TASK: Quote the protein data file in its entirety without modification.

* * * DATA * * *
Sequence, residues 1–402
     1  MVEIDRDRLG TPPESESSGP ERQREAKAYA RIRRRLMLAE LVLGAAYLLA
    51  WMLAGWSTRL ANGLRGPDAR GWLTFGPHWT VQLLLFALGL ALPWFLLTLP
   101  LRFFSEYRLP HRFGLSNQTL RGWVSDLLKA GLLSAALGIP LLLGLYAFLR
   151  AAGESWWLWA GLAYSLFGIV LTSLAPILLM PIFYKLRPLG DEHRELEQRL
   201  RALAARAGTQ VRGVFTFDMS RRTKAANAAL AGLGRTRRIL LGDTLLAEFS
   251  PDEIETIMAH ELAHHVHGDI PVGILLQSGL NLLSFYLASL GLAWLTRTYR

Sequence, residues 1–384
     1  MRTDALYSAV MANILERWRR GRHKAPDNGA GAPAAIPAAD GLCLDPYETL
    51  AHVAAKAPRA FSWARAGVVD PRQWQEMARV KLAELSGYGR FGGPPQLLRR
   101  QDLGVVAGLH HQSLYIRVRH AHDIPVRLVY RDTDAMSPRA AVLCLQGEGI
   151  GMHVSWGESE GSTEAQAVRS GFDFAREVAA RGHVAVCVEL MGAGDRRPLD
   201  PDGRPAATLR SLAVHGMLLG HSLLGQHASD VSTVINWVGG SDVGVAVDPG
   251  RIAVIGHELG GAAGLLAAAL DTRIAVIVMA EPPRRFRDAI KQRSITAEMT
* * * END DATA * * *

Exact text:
Sequence, residues 1–402
     1  MVEIDRDRLG TPPESESSGP ERQREAKAYA RIRRRLMLAE LVLGAAYLLA
    51  WMLAGWSTRL ANGLRGPDAR GWLTFGPHWT VQLLLFALGL ALPWFLLTLP
   101  LRFFSEYRLP HRFGLSNQTL RGWVSDLLKA GLLSAALGIP LLLGLYAFLR
   151  AAGESWWLWA GLAYSLFGIV LTSLAPILLM PIFYKLRPLG DEHRELEQRL
   201  RALAARAGTQ VRGVFTFDMS RRTKAANAAL AGLGRTRRIL LGDTLLAEFS
   251  PDEIETIMAH ELAHHVHGDI PVGILLQSGL NLLSFYLASL GLAWLTRTYR

Sequence, residues 1–384
     1  MRTDALYSAV MANILERWRR GRHKAPDNGA GAPAAIPAAD GLCLDPYETL
    51  AHVAAKAPRA FSWARAGVVD PRQWQEMARV KLAELSGYGR FGGPPQLLRR
   101  QDLGVVAGLH HQSLYIRVRH AHDIPVRLVY RDTDAMSPRA AVLCLQGEGI
   151  GMHVSWGESE GSTEAQAVRS GFDFAREVAA RGHVAVCVEL MGAGDRRPLD
   201  PDGRPAATLR SLAVHGMLLG HSLLGQHASD VSTVINWVGG SDVGVAVDPG
   251  RIAVIGHELG GAAGLLAAAL DTRIAVIVMA EPPRRFRDAI KQRSITAEMT